Tyger Tyger, burning bright,
In the forests of the night;
What immortal hand or eye,
Could frame thy fearful symmetry?
In what distant deeps or skies,
Burnt the fire of thine eyes?
On what wings dare he aspire?
What the hand, dare sieze the fire?
And what shoulder, & what art,
Could twist the sinews of thy heart?
And when thy heart began to beat,
What dread hand? & what dread feet?
What the hammer? what the chain,
In what furnace was thy brain?
What the anvil? what dread grasp,
Dare its deadly terrors clasp!
When the stars threw down their spears
And water’d heaven with their tears:
Did he smile his work to see?
Did he who made the Lamb make thee?
Tyger Tyger burning bright,
In the forests of the night:
What immortal hand or eye,
Dare frame thy fearful symmetry?
There is a world of difference between the fire in the tiger’s eyes as imagined in the poem, and the docile looking animal in Blake’s illustration
It is a poetic convention that the tyger (or lion) and the lamb are contraries. Blake’s Songs of Innocence and Experience deal repeatedly with such contraries. I believe that Blake intends the contrast with the lamb, but we need to ask further what precisely this contrary relationship consists of. It is unlikely that Blake intends simply to contrast good and evil, the risen and the fallen, because Blake delights in contraries not only between poems but within single poems, and nothing in his work is so straightforward. He routinely uses contrasting texts and images, so that even his individual poems contain contraries and contradictions, and are therefore open to contradictory readings. That is part of his greatness as an author, but also tied to his politics, which provide you with a ‘golden thread’ that will lead you to truth, rather than a key to its door.
To get closer to the competing ideas condensed into Blake’s verse we should look at the strands that make up Blake’s sense of the tyger, and our own, and Blake’s sense of the relations of energy and ideas, action and law, good and evil.
The identification of the tyger with revolutionary violence was not a new or particularly original image. In 1792 the London Times said of the French masses that they were now “loose from all restraints, and, in many instances, more ferocious than wolves and tygers.”1 Throughout his work, Blake uses the tyger fairly consistently as a symbol of conflict, war and opposition. Elsewhere he speaks of ‘tygers wild’, and ropes in the tiger along with other beasts when he wants to speak of rapine and violence. But this is a double-edged usage, because this violence is also the violence of the oppressed. It is the violence of liberatory forces as well as repressive ones. In The Four Zoas, revolution itself seems bound up with “wild furies from the tygers’ brain”.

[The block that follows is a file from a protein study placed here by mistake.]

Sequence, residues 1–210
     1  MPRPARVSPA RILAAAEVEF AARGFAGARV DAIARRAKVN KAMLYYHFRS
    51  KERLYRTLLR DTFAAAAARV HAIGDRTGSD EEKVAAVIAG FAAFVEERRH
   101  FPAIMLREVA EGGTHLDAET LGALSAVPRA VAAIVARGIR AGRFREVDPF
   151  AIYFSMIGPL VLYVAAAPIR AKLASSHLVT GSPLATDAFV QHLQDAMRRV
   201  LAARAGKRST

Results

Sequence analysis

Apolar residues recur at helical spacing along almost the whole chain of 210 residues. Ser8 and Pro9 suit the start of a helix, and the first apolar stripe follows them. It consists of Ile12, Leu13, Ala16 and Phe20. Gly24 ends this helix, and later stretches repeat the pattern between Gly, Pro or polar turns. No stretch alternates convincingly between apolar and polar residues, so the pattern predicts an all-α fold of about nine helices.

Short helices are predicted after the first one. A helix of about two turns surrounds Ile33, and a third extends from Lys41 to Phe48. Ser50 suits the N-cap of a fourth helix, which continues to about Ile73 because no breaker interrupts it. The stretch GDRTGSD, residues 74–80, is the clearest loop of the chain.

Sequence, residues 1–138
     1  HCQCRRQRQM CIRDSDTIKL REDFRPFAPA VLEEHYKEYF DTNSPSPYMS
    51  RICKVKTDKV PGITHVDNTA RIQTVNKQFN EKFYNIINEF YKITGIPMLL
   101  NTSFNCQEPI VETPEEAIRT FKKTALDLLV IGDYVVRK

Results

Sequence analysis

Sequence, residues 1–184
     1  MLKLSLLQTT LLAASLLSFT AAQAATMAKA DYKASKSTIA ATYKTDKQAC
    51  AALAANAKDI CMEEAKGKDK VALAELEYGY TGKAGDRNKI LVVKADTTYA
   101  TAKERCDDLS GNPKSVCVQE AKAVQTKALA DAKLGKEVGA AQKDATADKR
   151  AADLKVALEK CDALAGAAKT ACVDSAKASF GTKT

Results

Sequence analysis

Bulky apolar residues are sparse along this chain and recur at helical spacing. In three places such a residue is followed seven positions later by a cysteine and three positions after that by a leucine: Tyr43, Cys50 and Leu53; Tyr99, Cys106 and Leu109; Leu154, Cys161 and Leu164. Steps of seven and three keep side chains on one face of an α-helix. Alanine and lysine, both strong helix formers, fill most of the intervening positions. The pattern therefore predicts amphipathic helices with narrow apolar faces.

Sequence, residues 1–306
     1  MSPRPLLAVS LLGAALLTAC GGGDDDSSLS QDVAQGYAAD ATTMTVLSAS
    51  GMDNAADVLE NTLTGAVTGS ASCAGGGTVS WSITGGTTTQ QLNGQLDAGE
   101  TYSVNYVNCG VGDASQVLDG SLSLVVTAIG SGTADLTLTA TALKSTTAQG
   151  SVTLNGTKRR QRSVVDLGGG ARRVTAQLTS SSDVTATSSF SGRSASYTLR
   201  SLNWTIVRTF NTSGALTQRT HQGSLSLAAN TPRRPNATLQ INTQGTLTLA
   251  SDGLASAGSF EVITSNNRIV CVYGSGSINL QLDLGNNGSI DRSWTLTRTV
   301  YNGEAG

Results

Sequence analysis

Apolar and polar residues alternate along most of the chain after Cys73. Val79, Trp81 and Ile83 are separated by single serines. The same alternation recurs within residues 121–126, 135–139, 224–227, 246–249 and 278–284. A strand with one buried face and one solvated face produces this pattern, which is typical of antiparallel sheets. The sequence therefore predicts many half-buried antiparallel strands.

The Tyger’s brain… from Vala / The Four Zoas.
We are far from dealing with a simple opposition between war and peace, good and bad. In his ‘Proverbs of Hell’, in The Marriage of Heaven and Hell, Blake points out that “The tygers of wrath are wiser than the horses of instruction.” There is much in this thought that resembles Hegel’s ‘master-slave dialectic’, and the process by which the subaltern comes to understand its condition and empowered to free itself. In any case we are not dealing with a pious injunction against violence. In The Marriage of Heaven and Hell the devil reminds us that the lion’s roar and the wolf’s howl too are “portions of eternity”.
When it comes to ushering in utopia, the lamb gets all the credit while the tyger does the heavy lifting
In the course of the poem, Blake imagines a ‘throwing down of spears’ that is another traditional image, this time representing the onset of peace and reconciliation. He seems to ask what the divine creator would think at that moment of the terrible force he had to create in order to get to that point. What is neverthess degraded in the being of the tyger is the fact of the necessity for it to use its power in acts of violence.
In Blake’s poem, then, we have the traditional contrast between the lamb of peace and the beast of corruption and violence, but the symmetry is refracted by Blake’s sympathy for the forces of energy and passion – and hence the revolutions in America and France – that he hymns in The Marriage of Heaven and Hell. When he asks, “did he who made the lamb make thee?”, it is rhetorical, and his point is that revolutionary violence is as much a part of God’s plan as the pacific lamb that lies down with the lion in Revelations. When it comes to ushering in utopia, the lamb gets all the credit while the tyger does the heavy lifting.
While this image of the tyger works well in thinking about the storm and stress of revolution generally – making it an image of Black Lives Matter, for instance – it works too on a personal level. I picture the tyger’s burning eyes peering out of the forest of the night, and think of my own passions and instincts peering out from the forest of my personality and day-to-day social interactions. Often these things are pointing in different directions. Did he who made the lamb make thee? Indeed.
Blake, The Tyger, Songs of Innocence and Experience, Copy L, 1789, printed 1794.